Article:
The White Company, L'Occitane and Kiehls will open shops in the Grand Central Shopping Centre while Italian Caffe Concerto, Mexican Tortilla, Crepe Affaire, Yo! Sushi!, Carluccios, Fuel Juice Bar, Giraffe and Vietnamese restaurant Pho will bring new restaurants with Pho it's first restaurant outside of London and the South East.

The former Pallasades shopping centre shortly after closing for redevelopment:

Looking ahead to the opening and as a poignant reminder of the 100th anniversary next year of the start of the First World War it was recently announced that a newly designed memorial featuring the names of the fallen railway workers will be unveiled in the new public square.  Of the two war memorial plaques from the former concourse one has been donated to the National Memorial Arboretum in Staffordshire with the other being displayed in the first half of the new station.

Image of the memorial on the new concourse reproduced courtesy of :

A total of 3,719 men of the London and North Western railway died on war service in the Great War and the memorials from Birmingham New Street were on display in the old station concourse prior to its closure for complete refurbishment in April this year,

Also coming soon will be work to refurbish the office block on Stephenson Street which after mooted plans for a new hotel will now be transformed into 100,00 sq. ft of Grade A offices called One Grand Central,
The refurbishment of the office block will be undertaken by Birmingham Business-park based Cannock Developments.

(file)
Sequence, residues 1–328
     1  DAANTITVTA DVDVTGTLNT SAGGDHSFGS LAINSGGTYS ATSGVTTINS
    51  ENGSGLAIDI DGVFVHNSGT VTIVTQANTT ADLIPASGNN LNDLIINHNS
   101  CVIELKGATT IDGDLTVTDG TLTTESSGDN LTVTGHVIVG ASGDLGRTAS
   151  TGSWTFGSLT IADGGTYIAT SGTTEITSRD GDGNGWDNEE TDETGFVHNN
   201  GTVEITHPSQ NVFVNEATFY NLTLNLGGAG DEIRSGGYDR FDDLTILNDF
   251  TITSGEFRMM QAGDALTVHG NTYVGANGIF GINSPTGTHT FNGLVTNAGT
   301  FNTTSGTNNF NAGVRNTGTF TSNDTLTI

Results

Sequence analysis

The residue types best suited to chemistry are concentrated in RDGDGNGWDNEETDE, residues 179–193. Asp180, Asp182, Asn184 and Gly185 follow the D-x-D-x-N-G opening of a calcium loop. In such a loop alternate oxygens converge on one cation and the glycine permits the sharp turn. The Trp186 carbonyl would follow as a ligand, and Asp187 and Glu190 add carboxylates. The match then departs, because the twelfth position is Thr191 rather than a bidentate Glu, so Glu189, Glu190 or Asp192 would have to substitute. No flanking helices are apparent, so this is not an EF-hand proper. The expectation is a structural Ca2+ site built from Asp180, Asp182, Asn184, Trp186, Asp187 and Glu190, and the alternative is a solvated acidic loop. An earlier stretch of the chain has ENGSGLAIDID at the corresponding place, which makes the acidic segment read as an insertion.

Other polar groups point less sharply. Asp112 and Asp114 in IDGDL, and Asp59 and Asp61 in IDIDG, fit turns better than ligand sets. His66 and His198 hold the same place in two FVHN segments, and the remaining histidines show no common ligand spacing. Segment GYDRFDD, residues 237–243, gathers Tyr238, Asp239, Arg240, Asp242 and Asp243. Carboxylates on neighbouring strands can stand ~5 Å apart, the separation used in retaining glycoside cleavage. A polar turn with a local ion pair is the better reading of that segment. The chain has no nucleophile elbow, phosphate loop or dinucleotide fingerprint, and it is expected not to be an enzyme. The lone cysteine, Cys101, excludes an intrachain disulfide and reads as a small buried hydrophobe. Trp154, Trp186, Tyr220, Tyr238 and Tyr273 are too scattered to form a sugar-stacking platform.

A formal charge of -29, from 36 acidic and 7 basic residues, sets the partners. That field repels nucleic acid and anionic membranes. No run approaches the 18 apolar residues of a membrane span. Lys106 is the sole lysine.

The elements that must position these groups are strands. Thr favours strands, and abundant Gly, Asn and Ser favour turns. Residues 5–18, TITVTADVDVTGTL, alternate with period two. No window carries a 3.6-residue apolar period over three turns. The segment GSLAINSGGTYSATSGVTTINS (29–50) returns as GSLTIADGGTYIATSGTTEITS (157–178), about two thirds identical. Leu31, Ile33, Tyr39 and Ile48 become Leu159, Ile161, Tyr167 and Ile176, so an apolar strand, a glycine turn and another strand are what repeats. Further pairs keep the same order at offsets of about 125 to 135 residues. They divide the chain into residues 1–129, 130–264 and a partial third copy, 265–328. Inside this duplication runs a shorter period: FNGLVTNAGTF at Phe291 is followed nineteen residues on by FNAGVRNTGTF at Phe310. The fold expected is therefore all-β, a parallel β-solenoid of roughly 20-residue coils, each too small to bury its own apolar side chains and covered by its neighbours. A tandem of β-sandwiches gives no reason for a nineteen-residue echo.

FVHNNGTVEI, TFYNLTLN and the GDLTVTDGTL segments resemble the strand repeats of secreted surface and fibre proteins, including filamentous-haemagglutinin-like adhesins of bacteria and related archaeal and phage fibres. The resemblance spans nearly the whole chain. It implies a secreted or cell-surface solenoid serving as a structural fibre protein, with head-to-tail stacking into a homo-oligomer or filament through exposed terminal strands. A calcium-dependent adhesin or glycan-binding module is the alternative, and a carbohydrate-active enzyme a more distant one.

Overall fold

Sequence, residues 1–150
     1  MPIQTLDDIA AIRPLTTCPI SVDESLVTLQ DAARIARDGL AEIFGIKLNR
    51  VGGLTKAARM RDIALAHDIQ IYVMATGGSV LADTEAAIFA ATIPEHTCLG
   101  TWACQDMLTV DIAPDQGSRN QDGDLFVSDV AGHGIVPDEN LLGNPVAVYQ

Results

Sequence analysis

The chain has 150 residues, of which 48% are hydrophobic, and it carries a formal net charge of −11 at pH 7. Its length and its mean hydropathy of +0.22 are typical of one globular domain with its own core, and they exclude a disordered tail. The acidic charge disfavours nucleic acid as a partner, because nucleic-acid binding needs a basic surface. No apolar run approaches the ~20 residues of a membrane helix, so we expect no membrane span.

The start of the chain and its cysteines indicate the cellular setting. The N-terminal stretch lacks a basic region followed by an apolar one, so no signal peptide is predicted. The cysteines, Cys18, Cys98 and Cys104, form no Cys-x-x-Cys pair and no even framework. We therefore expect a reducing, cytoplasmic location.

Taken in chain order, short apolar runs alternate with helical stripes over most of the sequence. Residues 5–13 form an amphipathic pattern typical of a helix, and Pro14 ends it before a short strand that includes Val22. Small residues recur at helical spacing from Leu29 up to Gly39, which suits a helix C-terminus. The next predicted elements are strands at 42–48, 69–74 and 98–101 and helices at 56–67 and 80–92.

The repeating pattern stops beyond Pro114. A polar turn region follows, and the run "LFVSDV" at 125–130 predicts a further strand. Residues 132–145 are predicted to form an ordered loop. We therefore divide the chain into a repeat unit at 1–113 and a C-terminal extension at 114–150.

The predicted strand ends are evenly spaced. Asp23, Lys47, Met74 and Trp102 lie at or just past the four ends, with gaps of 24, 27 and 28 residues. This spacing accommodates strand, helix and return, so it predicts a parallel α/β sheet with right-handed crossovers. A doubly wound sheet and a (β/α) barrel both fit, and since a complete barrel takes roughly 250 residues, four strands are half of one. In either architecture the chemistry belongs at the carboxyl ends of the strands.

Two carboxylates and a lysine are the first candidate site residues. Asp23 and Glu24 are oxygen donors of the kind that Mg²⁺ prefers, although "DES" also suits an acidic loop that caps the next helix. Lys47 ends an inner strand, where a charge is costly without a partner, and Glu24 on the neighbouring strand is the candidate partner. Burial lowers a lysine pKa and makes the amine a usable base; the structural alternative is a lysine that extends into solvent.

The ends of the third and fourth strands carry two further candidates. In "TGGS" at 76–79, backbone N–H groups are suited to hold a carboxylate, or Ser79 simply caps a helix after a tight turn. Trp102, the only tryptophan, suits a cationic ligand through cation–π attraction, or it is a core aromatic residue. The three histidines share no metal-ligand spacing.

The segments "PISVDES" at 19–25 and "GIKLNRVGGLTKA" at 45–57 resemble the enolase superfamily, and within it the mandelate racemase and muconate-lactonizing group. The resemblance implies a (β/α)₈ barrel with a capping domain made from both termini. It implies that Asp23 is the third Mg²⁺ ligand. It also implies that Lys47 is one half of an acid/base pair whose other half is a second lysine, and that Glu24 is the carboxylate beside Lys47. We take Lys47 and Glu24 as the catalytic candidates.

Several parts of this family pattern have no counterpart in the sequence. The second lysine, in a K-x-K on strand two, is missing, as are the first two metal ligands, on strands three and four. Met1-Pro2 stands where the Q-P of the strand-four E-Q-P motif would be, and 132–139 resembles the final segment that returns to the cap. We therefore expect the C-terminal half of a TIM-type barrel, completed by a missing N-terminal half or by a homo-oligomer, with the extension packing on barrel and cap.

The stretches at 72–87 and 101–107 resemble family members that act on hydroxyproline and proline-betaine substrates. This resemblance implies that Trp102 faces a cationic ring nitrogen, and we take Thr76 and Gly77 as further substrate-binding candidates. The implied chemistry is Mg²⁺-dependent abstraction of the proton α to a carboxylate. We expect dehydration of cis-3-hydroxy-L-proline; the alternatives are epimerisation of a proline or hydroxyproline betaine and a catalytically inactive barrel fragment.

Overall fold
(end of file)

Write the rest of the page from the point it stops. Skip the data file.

All being well if things go to plan it looks like it might open in March 2015 according to the Draft CP5 Deliver Plan Consultation from Network Rail:

It is worth noting in perhaps optimistic expectation that the document also notes 'a number of projects are currently being developed as candidates for funding in CP5'. This sections refers to a loop facility at Bordesley which would hopefully mean reinstatement of stations on the Kings Heath line within my lifetime and thinking logically of services being able to reach Moor Street and relieving pressure on services into New Street Station,

Southampton to West Coast Main Line capacity schemes. The potential scope includes a
loop facility at Bordesley, Birmingham, diversionary capability and enhancement in the
Basingstoke area. These schemes will be considered as part of the Electric Spine
Development Programme.


Richard Huss said…
My suspicion, I'm afraid, is that "loop facility at Bordesley" doesn't relate to the proposed Camp Hill curve at all but to freight facilities on the line that turns sharp right after Small Heath to join the Camp Hill line and head towards New Street.

There are both up and down goods loops between Small Heath and Bordesley South Junction, which should allow freights to be put to one side to let the Cross Country services pass. The up loop (i.e. heading towards London) is well used and is a really decent length (carrying on past Small Heath station practically to the junction where the lines into Tyseley depot join), but the down (Birmingham bound) loop is much shorter and you don't see it in use much.

Pure guesswork, based on the surrounding context within the CP5 document, but my take would be that this item is to investigate whether lengthening the down goods loop might be possible?